Major Ohio highway projects could be delayed if a highway bill expected to pass today in the U.S. House of Representatives becomes law, instead of a more generous Senate version.
The Bush administration has threatened to veto either version, however, on the grounds that even the House bill is too expensive.
Under the bill the House passed yesterday, Ohio's federal highway allocation during fiscal 2005 would come up about $150 million short of what the administration of Ohio Gov. Bob Taft anticipated when it announced its Jobs and Progress highway plan last year, Brian Cunningham, an Ohio Department of Transportation spokesman, said yesterday.
The gap between federal funding and the Taft plan would narrow during the highway bill's six-year course, Mr. Cunningham said, but the net result would be that major new highways, like a four-lane U.S. 24 between Waterville and Antwerp likely would be pushed back several years from the schedule the governor proposed in his plan.
And unlike the Senate bill, which guarantees that by 2009, each state will receive federal highway funding equal to at least 95 percent of fuel-tax revenue collected within its boundaries, the House version requires only that the program be revisited in two years if Congress has taken no further action by then to help "donor" states, like Ohio and Michigan, that have long paid more into the system than they get back.
Ohio would get relief, Mr. Cunningham said, from the so-called "ethanol penalty" it suffers because the corn-based fuel additive, used heavily in Ohio, is taxed differently from normal gasoline.
Michigan is expected to lose about $100 million a year if the House bill, rather than the Senate bill, becomes law.
Ben Kohrman, the Michigan Department of Transportation's chief spokesman, said it was too soon to know how that would affect projects in the state's southeastern corner.
"It all depends on when the final bill passes and how much funding the final bill provides," Mr. Kohrman said.
Once the House adopts its version, the bill would go to a conference committee of both Congressional bodies.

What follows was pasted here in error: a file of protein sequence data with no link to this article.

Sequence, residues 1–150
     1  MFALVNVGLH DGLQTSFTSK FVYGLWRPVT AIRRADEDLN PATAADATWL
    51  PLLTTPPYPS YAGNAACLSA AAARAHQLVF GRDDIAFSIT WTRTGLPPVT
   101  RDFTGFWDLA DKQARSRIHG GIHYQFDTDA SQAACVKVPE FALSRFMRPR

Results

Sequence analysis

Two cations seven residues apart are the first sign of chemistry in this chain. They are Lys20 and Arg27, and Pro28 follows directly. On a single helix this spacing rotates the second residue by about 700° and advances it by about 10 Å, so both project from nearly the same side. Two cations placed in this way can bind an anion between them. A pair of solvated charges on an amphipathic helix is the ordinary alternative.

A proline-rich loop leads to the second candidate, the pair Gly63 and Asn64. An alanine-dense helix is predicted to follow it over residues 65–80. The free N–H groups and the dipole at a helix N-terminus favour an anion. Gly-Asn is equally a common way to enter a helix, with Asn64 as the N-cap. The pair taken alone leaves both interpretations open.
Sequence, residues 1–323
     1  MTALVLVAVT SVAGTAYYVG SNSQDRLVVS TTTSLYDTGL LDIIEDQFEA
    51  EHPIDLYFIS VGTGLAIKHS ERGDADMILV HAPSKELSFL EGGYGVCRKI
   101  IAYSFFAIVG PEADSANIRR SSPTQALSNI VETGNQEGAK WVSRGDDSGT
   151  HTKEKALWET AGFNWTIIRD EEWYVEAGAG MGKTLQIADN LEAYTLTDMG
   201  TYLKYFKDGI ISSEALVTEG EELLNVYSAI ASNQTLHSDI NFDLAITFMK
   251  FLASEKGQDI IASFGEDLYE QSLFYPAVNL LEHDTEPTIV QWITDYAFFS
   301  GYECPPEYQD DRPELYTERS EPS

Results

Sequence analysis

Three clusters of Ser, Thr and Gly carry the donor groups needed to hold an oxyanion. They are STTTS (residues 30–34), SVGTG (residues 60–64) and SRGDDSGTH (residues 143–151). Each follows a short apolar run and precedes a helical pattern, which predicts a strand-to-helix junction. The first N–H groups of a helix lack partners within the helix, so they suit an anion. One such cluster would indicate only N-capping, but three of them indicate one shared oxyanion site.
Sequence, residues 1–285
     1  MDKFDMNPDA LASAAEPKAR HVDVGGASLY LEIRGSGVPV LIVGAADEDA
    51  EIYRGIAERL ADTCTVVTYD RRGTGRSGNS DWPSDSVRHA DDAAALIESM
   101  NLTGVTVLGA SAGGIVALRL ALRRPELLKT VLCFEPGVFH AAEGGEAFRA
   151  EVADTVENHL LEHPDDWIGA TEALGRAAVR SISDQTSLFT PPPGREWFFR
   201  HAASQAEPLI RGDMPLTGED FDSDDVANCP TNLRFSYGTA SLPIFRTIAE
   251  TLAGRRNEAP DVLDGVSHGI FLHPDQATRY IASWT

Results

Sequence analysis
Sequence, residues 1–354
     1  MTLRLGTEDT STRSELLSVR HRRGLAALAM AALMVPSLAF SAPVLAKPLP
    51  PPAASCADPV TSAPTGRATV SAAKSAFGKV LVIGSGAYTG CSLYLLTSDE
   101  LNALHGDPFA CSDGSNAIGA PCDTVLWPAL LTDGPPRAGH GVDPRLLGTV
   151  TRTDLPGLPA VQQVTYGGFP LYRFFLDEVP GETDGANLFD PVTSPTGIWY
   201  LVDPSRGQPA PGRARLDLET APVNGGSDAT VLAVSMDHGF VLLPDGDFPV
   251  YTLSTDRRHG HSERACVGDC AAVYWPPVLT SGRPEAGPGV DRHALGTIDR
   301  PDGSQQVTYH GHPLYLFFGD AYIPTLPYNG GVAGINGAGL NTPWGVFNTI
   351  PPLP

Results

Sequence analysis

Overall, the House version finances $275 billion in roads, bridges, and mass transit programs over a six-year period, while the Senate version funded $318 billion.
Neither is as large as the $375 billion package that Rep. Don Young (R., Alaska), chairman of the House transportation committee, advocated.
That amount was recommended in a U.S. Department of Transportation study as necessary to repair and modernize the nation's aging highway system.
"We are a nation stuck in traffic," Mr. Young said.
"Why some bean counters think that we can do this bill on the cheap when the infrastructure needs of our country are crying out for repairs is beyond me," said Rep. Steven LaTourette (R., Ohio), a committee member.
But the White House has proposed $256 billion, up from $218 billion in the last six-year highway program, and threatened to veto the House proposal.
The current temporary extension of the old highway program expires at the end of April, and Senate Democratic leader Tom Daschle said yesterday that he would not agree to another extension.
It has been six months since the 1998-2003 highway bill expired, he said, and "these unnecessary delays have cost our nation roughly 100,000 jobs."
Governor Taft's highway program proposed spending $5 billion over 10 years to build or expand the state's major roads, half of which would come from a six-cent hike in Ohio's motor fuels tax, now being phased in over three years.
The other $250 million was expected to come from Washington, along with other federal funds the state receives for maintaining its existing highways.
In northwest Ohio, the program included a combined $405 million to build a four-lane U.S. 24 in Lucas, Henry, Defiance, and Paulding counties and complete the U.S. 30 freeway in Hancock and Wyandot counties, along with $116 million to modernize the congested I-75/I-475 junction in central Toledo.
A five-year plan drafted in December by the state Transportation Review Advisory Council penciled the first of the U.S. 30 projects to start next year, with work on U.S. 24 to begin in 2006 and the Toledo interchange in 2008.
All are listed in Tier I in the plan, which means the advisory council considered them ready to be built and affordable within the state's budget.
Mr. Cunningham said big-ticket projects such as those would be most likely to be pushed back if federal funding comes up shorter than expected.
"If they're in Tier I, they're going to be built," Mr. Cunningham said. "It just depends on the year." Funding for most fiscal 2005 projects already is committed, he added.